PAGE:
Can’t recycle? Upcycle!

By Erika DeLeo
Staff Writer

Since August 2010, the city of Prescott no longer recycles glass, and two Prescott College students are going grass-roots, or, one could say, glassroots.

West Howland and Rachel Vanderpool started “Glassroots Upcycling” as an independent study last fall after learning the city of Prescott had suspended the glass recycling program. Internet research on home recycling led them to start cutting their own glass waste and re-purposing it into usable ware. Since then, the project has taken off.

Upcycling differs from downcycling and recycling, in which glass is either crushed for fill or is melted for reforming, respectively. Instead, Howland and Vanderpool simply cut off the necks and shoulders off glass containers, transforming wine, liquor, juice, and other large bottles into bowls, cups, and other glassware.

Most popular are bottles with baked-on labels, such as Rogue beer. “They go quickest,” said Vanderpool, referring to sales. While they are not currently accepting most glass from the general public, they will accept bottles with baked-on labels, because those sell faster than other bottles. “We are not a recycling center,” Vanderpool wants to clarify.

Despite the enthusiasm from the community, Glassroots Upcycling is at risk. “It’s all up in the air right now” said Vanderpool. They do not know if they will be able to continue it after this semester, due to space and storage issues.

Glassware sales do not reap much profit, but “it feels really good to be doing it,” Vanderpool commented. “We’ll see if we can make enough money to continue.” Having access to a kiln would make their project even more efficient, allowing them to smooth the glass rims without sandpaper.

Their innovative glasses can be found around the community. A trial-run of pint-sized glasses is being used at the Raven Café in downtown Prescott. The couple sells items at Prescott College community lunch in the Crossroads Center at 12:30 p.m. on Wednesdays. Soup cups start at $2. They are hoping that Etsy.com, an online marketplace for handmade goods, will be their main outlet.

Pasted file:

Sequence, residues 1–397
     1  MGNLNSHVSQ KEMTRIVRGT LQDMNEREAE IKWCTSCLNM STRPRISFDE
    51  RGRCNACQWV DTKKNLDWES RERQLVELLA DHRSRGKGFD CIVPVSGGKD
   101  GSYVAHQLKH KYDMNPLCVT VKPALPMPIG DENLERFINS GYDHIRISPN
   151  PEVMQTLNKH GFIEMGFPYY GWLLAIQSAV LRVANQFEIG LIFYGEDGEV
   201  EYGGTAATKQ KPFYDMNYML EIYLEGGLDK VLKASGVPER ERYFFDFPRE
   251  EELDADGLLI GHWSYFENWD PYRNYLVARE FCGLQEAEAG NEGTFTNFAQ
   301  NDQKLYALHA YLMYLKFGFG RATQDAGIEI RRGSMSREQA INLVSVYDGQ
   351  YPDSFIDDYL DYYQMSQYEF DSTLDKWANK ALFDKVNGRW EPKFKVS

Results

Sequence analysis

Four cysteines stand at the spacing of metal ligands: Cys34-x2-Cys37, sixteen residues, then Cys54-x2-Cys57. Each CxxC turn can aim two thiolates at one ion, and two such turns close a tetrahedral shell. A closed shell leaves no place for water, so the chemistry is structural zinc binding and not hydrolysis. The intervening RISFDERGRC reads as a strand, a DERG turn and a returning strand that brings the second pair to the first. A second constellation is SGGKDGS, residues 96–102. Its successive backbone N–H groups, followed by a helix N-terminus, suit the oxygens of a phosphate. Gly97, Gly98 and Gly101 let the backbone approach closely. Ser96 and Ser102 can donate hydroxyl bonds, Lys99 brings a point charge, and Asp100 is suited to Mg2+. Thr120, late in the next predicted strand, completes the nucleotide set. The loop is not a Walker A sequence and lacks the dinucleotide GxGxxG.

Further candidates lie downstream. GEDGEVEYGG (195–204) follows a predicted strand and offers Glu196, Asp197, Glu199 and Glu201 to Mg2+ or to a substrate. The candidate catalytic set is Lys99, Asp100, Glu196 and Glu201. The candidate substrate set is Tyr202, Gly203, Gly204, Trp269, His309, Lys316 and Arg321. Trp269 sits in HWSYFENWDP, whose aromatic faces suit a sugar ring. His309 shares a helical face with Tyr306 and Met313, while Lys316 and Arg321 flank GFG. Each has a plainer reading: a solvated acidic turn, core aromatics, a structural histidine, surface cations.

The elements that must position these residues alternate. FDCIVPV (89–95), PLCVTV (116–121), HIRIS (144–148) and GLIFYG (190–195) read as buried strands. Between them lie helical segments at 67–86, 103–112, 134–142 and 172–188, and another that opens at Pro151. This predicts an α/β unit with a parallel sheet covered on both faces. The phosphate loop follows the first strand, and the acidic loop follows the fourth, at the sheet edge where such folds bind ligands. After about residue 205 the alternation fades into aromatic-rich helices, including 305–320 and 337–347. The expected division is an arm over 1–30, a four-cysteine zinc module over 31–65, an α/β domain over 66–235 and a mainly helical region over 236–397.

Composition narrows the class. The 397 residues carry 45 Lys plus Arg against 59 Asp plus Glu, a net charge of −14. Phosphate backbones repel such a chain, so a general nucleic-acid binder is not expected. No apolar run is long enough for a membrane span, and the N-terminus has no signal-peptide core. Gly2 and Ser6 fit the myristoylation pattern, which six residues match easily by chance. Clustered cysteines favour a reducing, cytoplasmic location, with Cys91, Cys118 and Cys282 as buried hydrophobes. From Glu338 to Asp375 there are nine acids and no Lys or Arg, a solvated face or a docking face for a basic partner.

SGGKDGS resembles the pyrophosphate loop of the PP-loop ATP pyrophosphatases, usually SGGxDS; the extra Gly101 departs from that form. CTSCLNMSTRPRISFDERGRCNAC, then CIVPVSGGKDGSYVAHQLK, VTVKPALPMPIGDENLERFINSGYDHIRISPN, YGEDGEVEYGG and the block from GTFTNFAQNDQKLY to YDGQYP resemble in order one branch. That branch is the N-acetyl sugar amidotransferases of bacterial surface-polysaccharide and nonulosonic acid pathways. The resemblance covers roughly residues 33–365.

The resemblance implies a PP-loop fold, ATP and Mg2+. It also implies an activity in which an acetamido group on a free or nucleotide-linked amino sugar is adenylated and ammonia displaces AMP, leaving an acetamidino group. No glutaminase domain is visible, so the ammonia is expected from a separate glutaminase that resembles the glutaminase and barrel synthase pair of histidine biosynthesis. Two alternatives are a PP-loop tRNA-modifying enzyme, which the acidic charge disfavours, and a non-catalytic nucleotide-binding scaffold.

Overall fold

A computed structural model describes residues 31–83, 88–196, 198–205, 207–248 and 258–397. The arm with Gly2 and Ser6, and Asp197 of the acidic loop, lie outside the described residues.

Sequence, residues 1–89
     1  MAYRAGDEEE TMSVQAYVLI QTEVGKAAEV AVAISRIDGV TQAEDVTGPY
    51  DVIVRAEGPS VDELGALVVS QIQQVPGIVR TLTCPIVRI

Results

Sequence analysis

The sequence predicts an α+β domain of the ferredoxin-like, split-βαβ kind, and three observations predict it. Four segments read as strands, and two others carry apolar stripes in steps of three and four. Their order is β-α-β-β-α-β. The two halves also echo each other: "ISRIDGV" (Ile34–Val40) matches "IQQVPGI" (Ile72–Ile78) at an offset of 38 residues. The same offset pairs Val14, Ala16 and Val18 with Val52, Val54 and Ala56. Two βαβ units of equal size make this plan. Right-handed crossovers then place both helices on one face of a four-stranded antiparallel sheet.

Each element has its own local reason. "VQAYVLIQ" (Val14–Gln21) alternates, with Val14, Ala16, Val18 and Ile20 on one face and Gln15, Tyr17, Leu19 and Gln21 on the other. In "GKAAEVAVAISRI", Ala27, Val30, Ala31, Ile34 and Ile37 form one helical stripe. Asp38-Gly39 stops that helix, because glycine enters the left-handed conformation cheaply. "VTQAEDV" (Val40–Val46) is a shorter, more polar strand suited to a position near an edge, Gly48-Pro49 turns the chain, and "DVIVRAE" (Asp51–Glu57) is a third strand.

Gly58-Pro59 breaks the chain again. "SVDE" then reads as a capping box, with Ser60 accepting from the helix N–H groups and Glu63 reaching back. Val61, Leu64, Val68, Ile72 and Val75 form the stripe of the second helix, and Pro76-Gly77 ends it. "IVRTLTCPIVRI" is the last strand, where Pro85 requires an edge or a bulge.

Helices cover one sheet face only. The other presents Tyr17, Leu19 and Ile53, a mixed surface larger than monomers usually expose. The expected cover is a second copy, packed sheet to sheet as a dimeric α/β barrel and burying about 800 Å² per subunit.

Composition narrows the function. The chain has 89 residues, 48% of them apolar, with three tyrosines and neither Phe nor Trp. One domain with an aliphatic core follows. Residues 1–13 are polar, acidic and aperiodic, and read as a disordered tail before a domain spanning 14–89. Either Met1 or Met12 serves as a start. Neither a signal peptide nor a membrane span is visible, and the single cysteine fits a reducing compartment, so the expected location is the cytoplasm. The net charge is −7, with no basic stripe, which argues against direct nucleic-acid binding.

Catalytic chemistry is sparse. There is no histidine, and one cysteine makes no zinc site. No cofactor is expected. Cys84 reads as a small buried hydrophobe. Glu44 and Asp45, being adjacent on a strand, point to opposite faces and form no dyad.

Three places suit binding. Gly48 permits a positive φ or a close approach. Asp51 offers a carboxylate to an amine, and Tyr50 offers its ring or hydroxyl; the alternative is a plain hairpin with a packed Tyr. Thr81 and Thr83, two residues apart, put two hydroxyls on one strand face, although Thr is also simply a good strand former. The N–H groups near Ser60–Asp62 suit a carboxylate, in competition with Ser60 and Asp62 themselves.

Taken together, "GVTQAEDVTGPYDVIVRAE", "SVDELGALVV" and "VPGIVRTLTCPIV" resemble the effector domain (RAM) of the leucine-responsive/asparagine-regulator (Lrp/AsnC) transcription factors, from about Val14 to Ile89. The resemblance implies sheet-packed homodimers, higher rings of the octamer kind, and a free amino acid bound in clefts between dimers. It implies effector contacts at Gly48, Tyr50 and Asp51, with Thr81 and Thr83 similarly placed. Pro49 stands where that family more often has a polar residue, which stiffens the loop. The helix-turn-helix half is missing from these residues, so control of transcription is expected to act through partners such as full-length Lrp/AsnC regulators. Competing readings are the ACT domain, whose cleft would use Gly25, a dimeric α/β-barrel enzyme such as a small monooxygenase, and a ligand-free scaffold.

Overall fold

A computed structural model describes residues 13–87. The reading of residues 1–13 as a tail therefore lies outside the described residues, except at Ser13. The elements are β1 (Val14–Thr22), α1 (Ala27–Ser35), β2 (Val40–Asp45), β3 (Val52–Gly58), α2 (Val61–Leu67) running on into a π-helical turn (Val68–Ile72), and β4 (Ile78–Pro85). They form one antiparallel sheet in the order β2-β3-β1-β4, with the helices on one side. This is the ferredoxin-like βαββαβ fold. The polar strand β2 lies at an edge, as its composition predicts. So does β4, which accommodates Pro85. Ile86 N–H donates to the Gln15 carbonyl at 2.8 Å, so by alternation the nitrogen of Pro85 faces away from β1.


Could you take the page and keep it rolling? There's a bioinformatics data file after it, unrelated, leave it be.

The pair is working hard to compensate for an entire city without proper glass recycling. What other members of the area can do to reduce glass waste is to buy beer in cans instead of bottles. Glass jars with re-sealable lids can be reused for carrying drinks and food on the go, or for storing food.

New Frontiers allows customers to fill glass jars with bulk foods, eliminating the need for plastic bags. The store only asks that shoppers have a cashier weigh their glass containers before shopping. Vanderpool and Howland encourage these methods as well, even if it means that they will not be receiving your recycled glass.

“If the city were to put us out of a job by bringing recycling back, I’d be stoked,” stated Howland.

For more information and to stay informed, like “Glassroots Upcycling” on Facebook.

This article appeared in the March 2011 print edition of The Raven Review.
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